Volume 645, January 2021
|Number of page(s)||10|
|Section||Planets and planetary systems|
|Published online||28 January 2021|
Possibility of concentration of nonvolatile species near the surface of comet 67P/Churyumov-Gerasimenko
2 National Astronomical Observatory of Japan, 2-21-1 Osawa, Mitaka, Tokyo 181-8588, Japan
3 Laboratory of Infrared High-resolution Spectroscopy (LiH), Koyama Astronomical Observatory, Kyoto Sangyo University, Motoyama, Kamigamo, Kita-ku, Kyoto 603-8555, Japan
4 School of Earth and Planetary Sciences, National Institute of Science Education and Research, HBNI, Jatni 752050, Odisha, India
5 The University of Tokyo, 7-3-1 Hongo, Bunkyo-ku, Tokyo 113-8654, Japan
6 Core Concept Technologies Inc., 11F DaiyaGate Ikebukuro, 1-16-15 Minamiikebukuro, Toshima-ku, Tokyo 171-0022, Japan
7 Department of Earth and Planetary Sciences, Tokyo Institute of Technology, 2-12-1 Ookayama, Meguro-ku, Tokyo 152-8551, Japan
8 Physikalisches Institut & NCCR PlanetS, Universitaet Bern, 3012 Bern, Switzerland
9 Earth-Life Science Institute, Tokyo Institute of Technology, Meguro, Tokyo 152-8550, Japan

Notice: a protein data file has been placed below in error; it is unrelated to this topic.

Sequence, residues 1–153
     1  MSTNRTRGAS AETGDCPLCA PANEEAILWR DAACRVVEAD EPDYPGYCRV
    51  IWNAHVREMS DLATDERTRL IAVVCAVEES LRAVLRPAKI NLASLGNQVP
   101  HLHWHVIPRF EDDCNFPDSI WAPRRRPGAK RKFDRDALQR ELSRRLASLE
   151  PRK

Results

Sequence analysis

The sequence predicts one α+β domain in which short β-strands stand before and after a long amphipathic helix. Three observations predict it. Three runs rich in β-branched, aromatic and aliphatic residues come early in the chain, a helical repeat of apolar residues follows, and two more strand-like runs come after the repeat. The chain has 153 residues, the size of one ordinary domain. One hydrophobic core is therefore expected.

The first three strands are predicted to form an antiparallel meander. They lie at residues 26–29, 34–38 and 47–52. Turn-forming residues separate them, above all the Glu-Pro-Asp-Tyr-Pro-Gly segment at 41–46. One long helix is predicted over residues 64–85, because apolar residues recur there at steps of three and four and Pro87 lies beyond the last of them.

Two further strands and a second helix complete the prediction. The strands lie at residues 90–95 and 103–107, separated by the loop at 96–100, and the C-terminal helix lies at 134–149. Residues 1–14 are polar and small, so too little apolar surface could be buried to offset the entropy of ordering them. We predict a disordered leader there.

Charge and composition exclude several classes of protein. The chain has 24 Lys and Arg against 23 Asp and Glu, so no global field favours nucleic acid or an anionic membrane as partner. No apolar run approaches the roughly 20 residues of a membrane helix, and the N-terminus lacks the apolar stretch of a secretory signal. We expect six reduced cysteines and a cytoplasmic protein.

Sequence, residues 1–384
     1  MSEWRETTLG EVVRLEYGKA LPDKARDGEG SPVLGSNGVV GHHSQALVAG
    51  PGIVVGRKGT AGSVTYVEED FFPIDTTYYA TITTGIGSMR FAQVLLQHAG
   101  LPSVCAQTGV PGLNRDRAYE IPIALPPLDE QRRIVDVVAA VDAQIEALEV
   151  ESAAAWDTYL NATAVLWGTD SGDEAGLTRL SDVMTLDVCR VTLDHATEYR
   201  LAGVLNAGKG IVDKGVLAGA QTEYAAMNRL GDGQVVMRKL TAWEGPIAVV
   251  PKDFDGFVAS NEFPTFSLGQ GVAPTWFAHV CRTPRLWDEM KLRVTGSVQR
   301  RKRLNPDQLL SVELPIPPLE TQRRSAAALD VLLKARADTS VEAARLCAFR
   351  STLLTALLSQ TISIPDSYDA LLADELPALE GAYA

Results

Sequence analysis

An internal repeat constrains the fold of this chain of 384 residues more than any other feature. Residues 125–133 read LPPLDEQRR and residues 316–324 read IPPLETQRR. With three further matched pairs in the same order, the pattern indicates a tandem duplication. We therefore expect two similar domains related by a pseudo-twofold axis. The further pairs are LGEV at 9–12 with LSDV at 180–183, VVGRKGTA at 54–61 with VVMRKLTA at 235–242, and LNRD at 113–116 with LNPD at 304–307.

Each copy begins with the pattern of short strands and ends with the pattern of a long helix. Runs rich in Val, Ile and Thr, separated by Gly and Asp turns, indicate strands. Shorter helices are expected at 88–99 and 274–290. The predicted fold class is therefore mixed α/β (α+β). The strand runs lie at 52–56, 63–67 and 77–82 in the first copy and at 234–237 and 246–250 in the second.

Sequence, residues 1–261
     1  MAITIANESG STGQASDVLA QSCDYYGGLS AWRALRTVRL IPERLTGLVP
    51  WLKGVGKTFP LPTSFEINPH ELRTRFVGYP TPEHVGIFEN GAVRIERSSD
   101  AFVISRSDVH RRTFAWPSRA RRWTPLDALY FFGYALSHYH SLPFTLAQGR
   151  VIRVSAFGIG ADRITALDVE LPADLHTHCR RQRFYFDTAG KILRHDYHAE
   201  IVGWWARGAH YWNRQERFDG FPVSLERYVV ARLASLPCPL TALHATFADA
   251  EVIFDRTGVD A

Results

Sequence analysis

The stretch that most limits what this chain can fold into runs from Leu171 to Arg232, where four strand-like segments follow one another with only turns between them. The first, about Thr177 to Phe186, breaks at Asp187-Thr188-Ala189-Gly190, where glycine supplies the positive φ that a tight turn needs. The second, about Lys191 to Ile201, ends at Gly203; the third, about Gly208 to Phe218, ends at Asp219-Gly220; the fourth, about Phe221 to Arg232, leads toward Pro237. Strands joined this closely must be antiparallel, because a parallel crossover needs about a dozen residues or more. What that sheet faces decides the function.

Accepted: 2 December 2020
Context. Cometary materials are thought to be the reservoir of the primitive materials of the Solar System. The recent detection of glycine and CH3NH2 by the ROSINA mass spectrometer in the coma of 67P/Churyumov-Gerasimenko suggests that amino acids and their precursors may have formed in an early evolutionary phase of the Solar System.
Aims. We aim to investigate the evolution of the interior of comets considering the evaporation process of water followed by the concentration of nonvolatile species.
Methods. We developed a Simplified Cometary Concentration Model (SCCM) to simulate the evaporation and concentration processes on the cometary surface. We use 67P/Churyumov-Gerasimenko as the benchmark of the SCCM. We investigated the depth of the layer where nonvolatile species concentrate after the numerous passages of perihelion after the formation of the Solar System.
Results. We find that the SCCM explains the observed production rates of water and CH3NH2 at 100 comet years. Results from the SCCM suggest that the nonvolatile species would concentrate in the top 100 cm of the comet surface within 10 comet years. Our results also suggest that the nonvolatile species would concentrate several meters beneath the surface before it hit the early Earth. This specific mass of nonvolatile species may provide unique chemical conditions for the volcanic hot spring pools.
Key words: comets: individual: 67P/Churyumov-Gerasimenko / methods: numerical / ISM: abundances / astrochemistry
© ESO 2021
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